|As your village trustee, I will continue to support downtown events such as our Oswego Christmas Walk and Beats N Eats which our residents desire. During COVID, we initiated the community caravans to reach out and promote social interaction while distancing.|
I will continue to promote walking and bike path growth for Oswego. We have worked with Yorkville and the Oswego land Park District to promote and expand bike paths which offer connectivity between our neighborhoods here in Oswego.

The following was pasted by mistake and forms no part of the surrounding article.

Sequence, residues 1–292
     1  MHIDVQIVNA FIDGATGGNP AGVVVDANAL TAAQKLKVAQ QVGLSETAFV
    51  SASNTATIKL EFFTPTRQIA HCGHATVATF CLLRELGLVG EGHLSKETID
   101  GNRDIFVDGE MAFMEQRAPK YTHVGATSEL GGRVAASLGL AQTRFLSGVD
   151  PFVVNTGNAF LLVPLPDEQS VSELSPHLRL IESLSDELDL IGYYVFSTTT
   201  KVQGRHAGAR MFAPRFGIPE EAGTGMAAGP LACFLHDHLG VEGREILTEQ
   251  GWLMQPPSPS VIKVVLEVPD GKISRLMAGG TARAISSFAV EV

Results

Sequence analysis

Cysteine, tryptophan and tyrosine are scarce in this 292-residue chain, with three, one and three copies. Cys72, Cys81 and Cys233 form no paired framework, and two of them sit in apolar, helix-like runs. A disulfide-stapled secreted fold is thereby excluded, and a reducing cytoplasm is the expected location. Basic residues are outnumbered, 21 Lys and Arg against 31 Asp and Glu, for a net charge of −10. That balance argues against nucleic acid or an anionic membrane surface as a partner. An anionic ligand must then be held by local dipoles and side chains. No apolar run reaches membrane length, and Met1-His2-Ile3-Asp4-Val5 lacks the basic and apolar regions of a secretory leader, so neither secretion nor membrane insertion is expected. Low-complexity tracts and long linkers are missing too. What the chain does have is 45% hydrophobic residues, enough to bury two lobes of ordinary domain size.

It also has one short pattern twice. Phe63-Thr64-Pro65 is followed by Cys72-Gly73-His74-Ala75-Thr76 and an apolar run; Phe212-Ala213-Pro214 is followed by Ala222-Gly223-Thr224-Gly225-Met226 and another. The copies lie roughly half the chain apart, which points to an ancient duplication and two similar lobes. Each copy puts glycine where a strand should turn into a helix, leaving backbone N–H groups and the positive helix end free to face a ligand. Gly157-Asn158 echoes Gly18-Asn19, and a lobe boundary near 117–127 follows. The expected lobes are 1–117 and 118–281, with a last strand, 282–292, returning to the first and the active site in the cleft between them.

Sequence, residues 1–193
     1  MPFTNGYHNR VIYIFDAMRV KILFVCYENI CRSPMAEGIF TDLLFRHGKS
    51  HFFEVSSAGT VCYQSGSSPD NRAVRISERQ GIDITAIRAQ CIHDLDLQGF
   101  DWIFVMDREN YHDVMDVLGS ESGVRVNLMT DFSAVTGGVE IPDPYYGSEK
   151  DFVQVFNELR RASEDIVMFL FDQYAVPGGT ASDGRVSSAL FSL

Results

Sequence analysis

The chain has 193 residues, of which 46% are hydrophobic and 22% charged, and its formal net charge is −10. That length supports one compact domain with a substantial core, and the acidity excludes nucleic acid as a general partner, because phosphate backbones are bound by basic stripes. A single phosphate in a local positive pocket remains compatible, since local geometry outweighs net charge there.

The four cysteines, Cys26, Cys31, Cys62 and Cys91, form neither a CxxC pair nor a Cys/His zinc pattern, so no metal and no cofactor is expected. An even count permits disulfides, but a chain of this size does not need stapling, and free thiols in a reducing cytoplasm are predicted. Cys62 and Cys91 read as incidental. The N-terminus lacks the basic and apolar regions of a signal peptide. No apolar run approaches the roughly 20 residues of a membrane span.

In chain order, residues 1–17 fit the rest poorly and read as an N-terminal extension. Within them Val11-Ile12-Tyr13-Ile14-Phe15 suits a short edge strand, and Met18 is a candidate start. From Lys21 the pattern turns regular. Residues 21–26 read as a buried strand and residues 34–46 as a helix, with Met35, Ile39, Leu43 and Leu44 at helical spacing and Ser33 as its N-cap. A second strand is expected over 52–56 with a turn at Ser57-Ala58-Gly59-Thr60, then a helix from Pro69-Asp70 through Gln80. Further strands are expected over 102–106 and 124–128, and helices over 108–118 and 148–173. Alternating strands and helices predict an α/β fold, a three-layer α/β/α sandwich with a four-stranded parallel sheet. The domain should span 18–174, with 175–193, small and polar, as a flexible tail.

|This is one of the most important capital projects our village will encounter; I am happy to inform you that the village leadership team has been planning our future water needs for over five years. Here are the facts: We need to decide and pick our long term water source partner no later than Summer 2021. It will take Oswego 4-5 years to complete the pipe construction to finish. In anticipation of required engineering studies and costs, we raised the water rates to help offset these expenses. We have also hired a federal lobbyist who will find and secure federal monies for our long term Oswego water project. the lobbyist will compliment and help to subsidize our established long term capital water fund budget.||I favor the continued investigation into securing Metra for Oswego residents. We secured federal monies which help to offset these exploratory costs. We have hired a federal lobbyist to secure federal monies which would help to pay for Metra for Oswego. I believe strongly that as your village trustee, it is my obligation to fully present what it would take to have Metra in Oswego. The residents in Oswego would then have all of the information needed to decide if they want Metra - yes or no.||We have been dipping into the general fund over the last two years but it would be more fiscally responsible to fund future pension cost increases through the tax levy. If we know we will need more, we can identify the need, budget for the increase needed and not have to overburden the general fund with un-budgeted expenses. The fact that we have maintained a low tax levy percentage during my 5+ years on the board (1.25% - 1.35%) makes this the most responsible way to address.||Yes I favor the village utilizing the new law. As it relates to internet sales, this immediately helps to level the playing field between online sellers (they must charge the fair share of taxes) and our independently owned mom and pop brick & mortar retailers who already charge tax each and every day.||No economic development should never be allowed to commence "unchecked" but we do negotiate today with developers who may benefit and be encouraged to enter Oswego. We have only accepted these negotiations when the return on investment "ROI" and overall benefits favor Oswego in the short and or long term.|